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End the Housing Benefit freeze

Keeping housing benefit frozen during a cost-of-living crisis is forcing people into homelessness. This is simply unacceptable.

All of us should have a safe, decent home we can afford. But spiralling rents and the cost-of-living crisis are making it impossible for people to afford their rent, to heat their homes and to eat.

But while rents are increasing at their fastest rate in 16 years, housing benefit has remained frozen since 2020, meaning thousands more now struggle to pay their rent.

Our research shows that, if nothing changes, over 300,000 individuals and families across Great Britain could be forced into the worst forms homelessness in 2023, including sleeping on the streets, sofa surfing, and living in temporary accommodation such as hostels and B&Bs.

Keeping housing benefit frozen is forcing people into homelessness. This is simply unacceptable.

Why is housing benefit important?

Local Housing Allowance (LHA), also known as housing benefit, is the amount of Universal Credit people receive to cover private rents.

It is a lifeline that helps millions of people keep the vital foundation of a safe, decent home by helping them pay their rent.

During the pandemic, housing benefit levels were raised to cover the cheapest third of rents in an area.

But it has been frozen since 2020. Meanwhile, rents have sky-rocketed, leaving a growing number of people with a shortfall between their housing benefit and the cost of their rent.

Our latest research has found that the cost of rent, food and utilities for the lowest income private renters exceeds their income by 43%.

For many, this additional financial pressure is too much, and they are pushed into homelessness.

Without action from the UK government, more and more people will be pushed to the brink and into homelessness. This is unacceptable.

Patti's story

Patti is 60 and works in hospitality. Her landlord increased her rent, but she couldn't afford it so had to leave. She became homeless for some weeks, sofa-surfing and sleeping in her car.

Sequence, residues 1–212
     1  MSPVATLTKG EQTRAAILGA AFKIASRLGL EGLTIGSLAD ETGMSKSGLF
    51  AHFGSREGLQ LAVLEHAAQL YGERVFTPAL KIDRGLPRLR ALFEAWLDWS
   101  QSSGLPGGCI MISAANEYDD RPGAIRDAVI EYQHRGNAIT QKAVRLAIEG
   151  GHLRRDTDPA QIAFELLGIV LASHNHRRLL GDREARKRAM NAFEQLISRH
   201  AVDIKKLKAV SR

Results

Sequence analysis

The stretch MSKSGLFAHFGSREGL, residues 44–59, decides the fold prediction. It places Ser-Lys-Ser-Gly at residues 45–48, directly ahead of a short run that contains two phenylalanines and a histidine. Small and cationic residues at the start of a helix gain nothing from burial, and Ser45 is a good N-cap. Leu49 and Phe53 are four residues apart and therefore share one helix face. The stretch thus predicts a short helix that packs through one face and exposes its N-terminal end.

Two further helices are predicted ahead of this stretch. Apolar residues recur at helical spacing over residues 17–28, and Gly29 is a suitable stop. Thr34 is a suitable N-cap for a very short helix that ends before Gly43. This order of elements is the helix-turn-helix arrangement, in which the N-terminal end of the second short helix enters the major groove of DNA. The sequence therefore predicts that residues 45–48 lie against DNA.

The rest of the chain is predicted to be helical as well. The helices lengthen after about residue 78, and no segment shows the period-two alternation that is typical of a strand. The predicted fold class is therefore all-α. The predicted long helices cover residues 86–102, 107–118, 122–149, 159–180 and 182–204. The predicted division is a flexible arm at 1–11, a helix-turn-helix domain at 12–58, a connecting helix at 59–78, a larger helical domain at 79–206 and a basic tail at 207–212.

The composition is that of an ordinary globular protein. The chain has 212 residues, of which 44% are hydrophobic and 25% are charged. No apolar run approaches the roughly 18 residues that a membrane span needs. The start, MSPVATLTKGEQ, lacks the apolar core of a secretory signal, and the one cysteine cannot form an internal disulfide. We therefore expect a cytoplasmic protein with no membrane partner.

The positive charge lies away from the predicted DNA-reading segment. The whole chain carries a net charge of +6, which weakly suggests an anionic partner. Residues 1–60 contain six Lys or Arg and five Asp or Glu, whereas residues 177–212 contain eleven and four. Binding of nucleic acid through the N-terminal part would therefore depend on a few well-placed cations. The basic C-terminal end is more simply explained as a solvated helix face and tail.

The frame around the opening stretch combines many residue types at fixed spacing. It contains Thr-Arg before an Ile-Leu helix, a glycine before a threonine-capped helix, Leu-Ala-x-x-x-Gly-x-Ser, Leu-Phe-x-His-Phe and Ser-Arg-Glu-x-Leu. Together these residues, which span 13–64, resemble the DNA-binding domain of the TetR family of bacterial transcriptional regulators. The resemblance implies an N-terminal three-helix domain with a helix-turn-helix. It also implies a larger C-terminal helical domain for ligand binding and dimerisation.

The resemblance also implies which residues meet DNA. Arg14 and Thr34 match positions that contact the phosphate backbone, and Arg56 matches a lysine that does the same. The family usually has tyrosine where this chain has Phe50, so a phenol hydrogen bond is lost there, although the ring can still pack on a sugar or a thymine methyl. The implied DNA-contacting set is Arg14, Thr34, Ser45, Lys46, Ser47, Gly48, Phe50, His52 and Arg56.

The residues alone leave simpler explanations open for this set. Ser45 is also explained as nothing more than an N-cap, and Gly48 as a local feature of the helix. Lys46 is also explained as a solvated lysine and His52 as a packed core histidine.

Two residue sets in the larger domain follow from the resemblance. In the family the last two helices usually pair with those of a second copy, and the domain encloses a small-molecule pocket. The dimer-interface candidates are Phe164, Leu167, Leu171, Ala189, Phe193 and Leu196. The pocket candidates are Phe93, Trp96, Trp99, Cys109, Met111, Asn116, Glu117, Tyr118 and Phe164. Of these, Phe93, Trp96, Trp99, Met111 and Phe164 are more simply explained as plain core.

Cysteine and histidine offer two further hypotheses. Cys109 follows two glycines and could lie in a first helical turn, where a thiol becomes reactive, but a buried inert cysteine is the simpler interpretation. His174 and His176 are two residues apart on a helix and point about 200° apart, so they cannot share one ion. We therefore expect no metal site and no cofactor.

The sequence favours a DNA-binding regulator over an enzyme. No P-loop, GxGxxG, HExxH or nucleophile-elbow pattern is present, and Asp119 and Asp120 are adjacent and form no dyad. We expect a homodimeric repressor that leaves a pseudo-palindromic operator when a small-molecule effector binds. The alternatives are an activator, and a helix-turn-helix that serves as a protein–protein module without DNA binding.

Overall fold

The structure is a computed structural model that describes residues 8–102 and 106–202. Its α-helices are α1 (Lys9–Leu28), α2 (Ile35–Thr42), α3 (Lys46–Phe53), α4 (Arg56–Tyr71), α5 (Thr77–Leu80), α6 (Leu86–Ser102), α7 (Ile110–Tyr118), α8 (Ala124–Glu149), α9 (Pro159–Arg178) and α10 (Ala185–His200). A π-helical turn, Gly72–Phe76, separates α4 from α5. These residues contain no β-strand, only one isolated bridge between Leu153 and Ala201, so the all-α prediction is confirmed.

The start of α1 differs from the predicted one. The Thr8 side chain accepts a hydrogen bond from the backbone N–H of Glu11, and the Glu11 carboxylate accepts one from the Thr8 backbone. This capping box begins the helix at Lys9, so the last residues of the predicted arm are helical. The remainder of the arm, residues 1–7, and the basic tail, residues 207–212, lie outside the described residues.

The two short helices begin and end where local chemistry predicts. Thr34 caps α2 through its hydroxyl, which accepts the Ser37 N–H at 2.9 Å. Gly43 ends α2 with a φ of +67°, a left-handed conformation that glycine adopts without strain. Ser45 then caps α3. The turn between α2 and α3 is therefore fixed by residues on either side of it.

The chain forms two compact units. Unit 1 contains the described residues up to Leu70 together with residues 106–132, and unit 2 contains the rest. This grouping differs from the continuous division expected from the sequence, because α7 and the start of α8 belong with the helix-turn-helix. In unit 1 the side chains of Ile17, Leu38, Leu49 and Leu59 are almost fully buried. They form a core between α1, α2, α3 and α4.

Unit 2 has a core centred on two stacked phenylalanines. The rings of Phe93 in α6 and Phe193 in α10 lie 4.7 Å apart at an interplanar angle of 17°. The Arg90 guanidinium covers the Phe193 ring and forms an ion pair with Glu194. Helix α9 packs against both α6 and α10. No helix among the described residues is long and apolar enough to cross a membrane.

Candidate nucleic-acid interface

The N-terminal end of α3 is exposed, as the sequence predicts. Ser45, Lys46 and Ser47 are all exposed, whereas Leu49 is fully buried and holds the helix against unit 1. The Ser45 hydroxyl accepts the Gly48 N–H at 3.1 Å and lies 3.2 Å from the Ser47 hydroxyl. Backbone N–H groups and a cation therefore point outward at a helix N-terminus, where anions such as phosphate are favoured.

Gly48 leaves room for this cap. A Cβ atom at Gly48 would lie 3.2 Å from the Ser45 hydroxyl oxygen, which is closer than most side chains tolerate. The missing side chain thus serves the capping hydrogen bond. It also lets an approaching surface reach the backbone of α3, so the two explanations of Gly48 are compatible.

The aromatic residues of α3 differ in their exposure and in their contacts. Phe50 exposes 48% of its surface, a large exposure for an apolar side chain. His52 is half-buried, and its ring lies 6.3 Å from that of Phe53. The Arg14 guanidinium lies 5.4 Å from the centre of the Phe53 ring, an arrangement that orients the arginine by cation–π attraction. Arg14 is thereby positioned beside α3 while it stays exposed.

While she is now back in part-time work and has a flat, her living costs are not sustainable.

"It's always a worry because I don't have a budget for food, because I am not earning enough. If I am earning, whether it's partly Universal Credit or partly wages, I don't get any more than £1100.

So by paying £900 out for rent... and then another couple of hundred pound out for [council tax and water], I am already on £1100 before I've paid gas and electric, food bill, petrol, and so you are always working behind.

What is the change we want to see?

We're calling for housing benefit to be increased to again cover the cheapest third of rents in an area. This level is adequate to help protect the poorest households from being forced into homelessness.

In the spring budget 2023, the UK Government decided to maintain the freeze on housing benefit, missing a crucial opportunity to pull thousands of struggling renters back from the brink of homelessness.

The Government must urgently reconsider their approach and uprate housing benefit in line with rents otherwise we will see thousands more people forced out of their homes with nowhere to go.

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